An essential, but often underappreciated, bit of photography studio gear is the humble reflector card. In this post, I will show three examples of how we use reflectors with glass objects to demonstrate just how important they are.
What is a reflector card? Simply put, it is piece of card stock, foam board, paper, or foil used to reflect light from a source. It can be shiny, dull, satin, white, gray, etc. For our purposes, we only use neutral colors because, as a museum, we have a responsibility to faithfully reproduce accurate color of the objects we photograph. You can get reflector card stock and cut your own to size or buy assortments of common sizes (most of the reflectors in the examples in this post are made by LightRight). You can even use aluminum foil, which conveniently has a shiny and a dull side, attached to cardboard or foam board. Crinkling the foil and then smoothing it back out creates a third surface type. White card stock or foam board works well for softer fills.
In the three examples that follow, I will show how reflectors can be used to evenly light an entire object, showcase transparency and translucency, and subtly create highlights and define edges.
For the first example I chose the 12th century Islamic pitcher (58.1.6) illustrated below to demonstrate how an object can often be lit with one primary light source while reflectors act as secondary light sources providing fill and detail lighting.
This pitcher was originally almost colorless, but the surface has weathered to a metallic, iridescent crust. (To learn about weathering, a phenomenon common in archaeological glasses, read this article.) With direct lighting from multiple light sources, an object like this can quickly become a mess of confusing reflections and iridescent color. My challenge was to show the metallic surface and subtle iridescence without losing detail in the Kufic inscription and other surface elements.
To begin, I positioned one light overhead and slightly in front of the object. Notice how the highlight reflection on the front is overly bright and harsh, the rest of the object is underexposed, and the inscription is illegible.
Here, I mounted a piece of diffusion material on an arm to soften the intense reflection. You can see the diffusion at the top of the frame (the overhead light is not visible in this image). The small piece of diffusion is just enough to soften the reflection. As the next sequence of images shows, it is important the rest of the overhead light is not blocked so it can be used by the reflectors to bounce light back toward the object.
Next, I placed reflector cards with a satin surface called “Florentine” to light the sides of the object and start to define the edges and surface detail.
Two more satin finish reflectors fill in the front.
Next, a small reflector lights the foot and lower part of the body.
Finally, two taller satin reflectors provide broader fill and even out the lighting on the body and neck.
For illustration purposes, I pulled the camera back from the object for this sequence of images so the entire setup could be captured in the frame. When the camera is in the original position all the reflectors are outside of the field of view.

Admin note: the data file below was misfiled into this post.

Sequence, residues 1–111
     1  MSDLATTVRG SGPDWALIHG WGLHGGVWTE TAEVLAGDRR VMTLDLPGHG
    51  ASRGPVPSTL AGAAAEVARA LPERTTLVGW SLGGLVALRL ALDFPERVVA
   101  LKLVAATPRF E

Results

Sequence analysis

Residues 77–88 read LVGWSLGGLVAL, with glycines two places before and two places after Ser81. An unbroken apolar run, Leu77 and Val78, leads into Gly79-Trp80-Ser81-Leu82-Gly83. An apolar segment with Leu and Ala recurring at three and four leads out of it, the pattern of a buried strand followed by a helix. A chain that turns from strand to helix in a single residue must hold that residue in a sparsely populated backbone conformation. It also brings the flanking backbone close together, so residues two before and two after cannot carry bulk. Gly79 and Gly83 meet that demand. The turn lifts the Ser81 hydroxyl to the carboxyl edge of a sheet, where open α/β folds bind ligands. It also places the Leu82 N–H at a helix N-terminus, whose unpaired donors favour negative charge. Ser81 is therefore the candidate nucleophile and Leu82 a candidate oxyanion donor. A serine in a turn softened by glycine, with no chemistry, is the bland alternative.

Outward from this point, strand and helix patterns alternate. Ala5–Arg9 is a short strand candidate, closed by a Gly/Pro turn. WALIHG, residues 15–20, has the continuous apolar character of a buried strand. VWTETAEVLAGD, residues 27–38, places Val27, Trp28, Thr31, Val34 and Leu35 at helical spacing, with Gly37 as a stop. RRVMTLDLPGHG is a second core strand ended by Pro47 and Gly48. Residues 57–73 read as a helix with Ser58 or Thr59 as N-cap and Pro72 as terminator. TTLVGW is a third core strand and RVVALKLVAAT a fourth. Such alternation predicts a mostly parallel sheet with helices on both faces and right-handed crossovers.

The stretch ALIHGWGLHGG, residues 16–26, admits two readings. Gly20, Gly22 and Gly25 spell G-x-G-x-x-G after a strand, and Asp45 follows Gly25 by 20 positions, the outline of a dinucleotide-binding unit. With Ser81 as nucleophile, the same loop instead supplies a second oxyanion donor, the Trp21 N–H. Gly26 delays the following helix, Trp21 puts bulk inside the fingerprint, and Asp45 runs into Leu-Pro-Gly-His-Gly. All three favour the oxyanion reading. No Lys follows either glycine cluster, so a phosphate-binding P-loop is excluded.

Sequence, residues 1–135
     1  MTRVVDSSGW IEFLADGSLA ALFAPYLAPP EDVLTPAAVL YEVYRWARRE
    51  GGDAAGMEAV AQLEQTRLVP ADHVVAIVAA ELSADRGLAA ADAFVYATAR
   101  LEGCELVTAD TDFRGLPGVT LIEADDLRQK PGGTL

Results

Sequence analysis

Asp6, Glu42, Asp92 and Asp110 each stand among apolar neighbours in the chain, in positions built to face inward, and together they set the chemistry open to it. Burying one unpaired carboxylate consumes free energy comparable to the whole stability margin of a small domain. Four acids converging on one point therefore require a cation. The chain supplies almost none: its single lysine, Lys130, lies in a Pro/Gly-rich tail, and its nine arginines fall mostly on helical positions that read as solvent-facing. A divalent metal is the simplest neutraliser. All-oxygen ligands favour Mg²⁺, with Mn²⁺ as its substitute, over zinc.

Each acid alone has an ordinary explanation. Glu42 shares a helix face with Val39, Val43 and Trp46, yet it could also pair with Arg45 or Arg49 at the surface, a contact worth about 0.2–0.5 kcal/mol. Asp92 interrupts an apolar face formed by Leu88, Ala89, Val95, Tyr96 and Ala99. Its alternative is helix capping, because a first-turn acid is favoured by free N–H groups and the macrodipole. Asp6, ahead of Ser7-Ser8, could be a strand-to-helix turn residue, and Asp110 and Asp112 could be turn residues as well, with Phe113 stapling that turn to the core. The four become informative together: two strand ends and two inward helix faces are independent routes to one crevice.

The left image shows the object with only the single overhead light, while the right image shows the final effect after all the reflectors have been placed. All shutter and aperture settings on the camera are exactly the same.
In the first example, I used the cards to reflect light onto the surface of the object. I used reflectors in a quite different way with this Blaschka model of Porpita mediterranea (L.59.3.2015) illustrated below.
In this case, I wanted to capture the delicate translucence and transparency of the glass and also emulate the way the actual creature would look under water where the light is less directional. The Blaschkas were masters at creating delicate translucency and implied movement in their models of marine invertebrates, and I wanted to be sure to capture those properties.
The main light is well behind the object and is diffused and flagged so that it barely grazes the top surface of the object. The shiny reflectors are being used to transmit reflected light through the object, emphasizing its translucence. The tall white cards on the sides provide a softer fill light in contrast to the more intense light from the shiny reflector cards.
The first two examples demonstrate how reflectors can be used to reflect light toward or through a glass object. In the third example, an 18th century Dutch goblet (79.3.993), the reflectors are used as elements that reflect in the glass itself.
Because glass is reflective, the shiny reflector cards can be positioned so that, from the camera’s perspective, they show up us linear reflections in the glass along the edges of the bowl of the goblet.
These details show the bowl of the goblet with and without reflector cards. In this case, the effect is intentionally very subtle. Notice the goblet on the right has delicate linear highlight reflections along the outer edges that allow them to be more clearly defined so they stand out cleanly from the dark background.
These examples have shown just a few different ways reflectors can be used in glass photography. In fact, it is rare that we have a setup that does not use some kind of reflector card because they are so useful and effective. Glass interacts with its surroundings in ways unlike virtually any other material—reflecting, transmitting, and refracting light—and reflector cards are excellent tools to manipulate the lit environment to better capture great images of glass.